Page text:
Wonder (Chbosky, 2017)

I totally get that this film could be seen as ableist in casting Jacob Tremblay as a boy with facial disfigurement, using prosthetics to fashion a mask that an actual disabled actor wouldn’t need. Obviously, this is still a major problem in the film industry, and I hope that casting directors wise up and allow people who can relate to these stories to act them out. My brain wants me to excoriate Wonder on this basis, for not breaking the mould and continuing to use able-bodied people as mere models for disability “costumes.” The fact that this is up for a makeup Oscar feels morally dishonest in this context, because if a disabled boy were in Tremblay’s role, that Oscar nomination wouldn’t exist. And yet, I’m sure the producers cast Tremblay with that nomination partially in mind, knowing that strong prosthetic work is always impressive to voters. And Oscar nominations usually mean more money and recognition. It is, in a word, messy.

So my head wants to hate Wonder, yet my heart kind of loves it. The reason being is that it’s such a pure-hearted creation that isn’t explicitly just about being inspiration porn like the worst films of this genre. Tremblay’s Auggie is told more than once that he does not need preferential treatment simply because of how he looks, and what’s more, the film wisely does not zero in on his character and make him the sole focus as a way of condescendingly privileging him. In fact, what I really liked about Chbosky’s treatment is how generous he is with the supporting characters, like Auggie’s sister Via, Jack Will, and even Via’s old friend Miranda. He does not make them disposable placeholders for Auggie’s journey, instead allowing us a glimpse into their own personal lives so that we understand who they are and why they act the way they do. So it’s not just about Auggie and the way he is treated. Certainly he is the glue that binds everyone together, but Wonder reminds us that his life is comprised of a constellation of people, some resenting him as much as they love him.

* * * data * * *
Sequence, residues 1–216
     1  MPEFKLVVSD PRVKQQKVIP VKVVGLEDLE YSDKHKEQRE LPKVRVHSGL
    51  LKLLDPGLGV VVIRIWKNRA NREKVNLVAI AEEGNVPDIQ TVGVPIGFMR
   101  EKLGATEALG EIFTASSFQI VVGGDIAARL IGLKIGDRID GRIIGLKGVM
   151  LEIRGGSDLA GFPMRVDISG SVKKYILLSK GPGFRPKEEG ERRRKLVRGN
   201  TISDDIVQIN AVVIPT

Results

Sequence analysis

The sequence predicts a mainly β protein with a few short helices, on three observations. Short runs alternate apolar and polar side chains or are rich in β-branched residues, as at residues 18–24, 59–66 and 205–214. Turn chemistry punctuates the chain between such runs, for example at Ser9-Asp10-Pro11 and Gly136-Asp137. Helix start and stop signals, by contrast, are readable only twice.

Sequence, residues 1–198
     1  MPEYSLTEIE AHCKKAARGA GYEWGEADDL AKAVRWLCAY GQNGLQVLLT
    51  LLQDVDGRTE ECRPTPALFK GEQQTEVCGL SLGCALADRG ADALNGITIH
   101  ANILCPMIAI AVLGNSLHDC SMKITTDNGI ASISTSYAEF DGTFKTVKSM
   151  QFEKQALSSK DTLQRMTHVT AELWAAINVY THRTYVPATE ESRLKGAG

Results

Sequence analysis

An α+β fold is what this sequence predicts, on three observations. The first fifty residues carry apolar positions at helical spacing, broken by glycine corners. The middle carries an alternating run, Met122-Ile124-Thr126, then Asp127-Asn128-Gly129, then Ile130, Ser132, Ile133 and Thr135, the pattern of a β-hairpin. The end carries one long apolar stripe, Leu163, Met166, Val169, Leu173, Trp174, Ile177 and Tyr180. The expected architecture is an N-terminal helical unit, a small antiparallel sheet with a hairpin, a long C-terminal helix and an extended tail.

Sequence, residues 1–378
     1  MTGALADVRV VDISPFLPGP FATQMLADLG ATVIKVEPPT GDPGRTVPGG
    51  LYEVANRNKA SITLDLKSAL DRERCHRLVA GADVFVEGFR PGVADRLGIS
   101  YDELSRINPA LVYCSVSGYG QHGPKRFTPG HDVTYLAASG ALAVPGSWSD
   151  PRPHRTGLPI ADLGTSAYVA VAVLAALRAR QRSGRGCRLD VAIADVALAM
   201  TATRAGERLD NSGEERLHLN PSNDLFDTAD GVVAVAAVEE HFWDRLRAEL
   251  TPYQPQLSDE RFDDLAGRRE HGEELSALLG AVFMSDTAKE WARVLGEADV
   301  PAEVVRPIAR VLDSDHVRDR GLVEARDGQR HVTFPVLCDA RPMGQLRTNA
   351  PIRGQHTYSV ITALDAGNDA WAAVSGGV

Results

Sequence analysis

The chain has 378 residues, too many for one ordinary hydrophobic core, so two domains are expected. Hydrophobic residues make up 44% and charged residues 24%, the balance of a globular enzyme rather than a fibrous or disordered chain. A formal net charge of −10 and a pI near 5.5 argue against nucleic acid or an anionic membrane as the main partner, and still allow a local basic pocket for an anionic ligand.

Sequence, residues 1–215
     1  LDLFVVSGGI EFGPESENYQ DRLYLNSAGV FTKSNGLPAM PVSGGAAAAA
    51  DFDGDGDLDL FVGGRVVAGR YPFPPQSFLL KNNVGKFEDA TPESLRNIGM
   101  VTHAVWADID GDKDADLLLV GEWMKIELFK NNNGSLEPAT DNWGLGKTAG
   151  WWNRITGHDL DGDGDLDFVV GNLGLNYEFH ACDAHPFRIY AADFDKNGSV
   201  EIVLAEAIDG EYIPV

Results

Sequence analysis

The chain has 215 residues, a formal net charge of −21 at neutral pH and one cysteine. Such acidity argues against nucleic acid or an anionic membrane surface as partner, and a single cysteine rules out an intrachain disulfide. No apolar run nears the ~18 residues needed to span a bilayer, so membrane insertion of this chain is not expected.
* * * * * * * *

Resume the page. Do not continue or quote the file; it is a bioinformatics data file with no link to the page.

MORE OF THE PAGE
The messages of this one are also very self-evident: change the way you see, don’t judge what’s on the outside, be kind and you will reap the rewards, etc. They’re not game-changing or anything, but these are still important lessons for all of us, young and old. And Wonder handles them with care, in a way that respects both the viewer and the characters in tandem. It may make the unforgivable mistake of ableist casting, but it doesn’t make many others. Therefore, I’m willing to be charitable.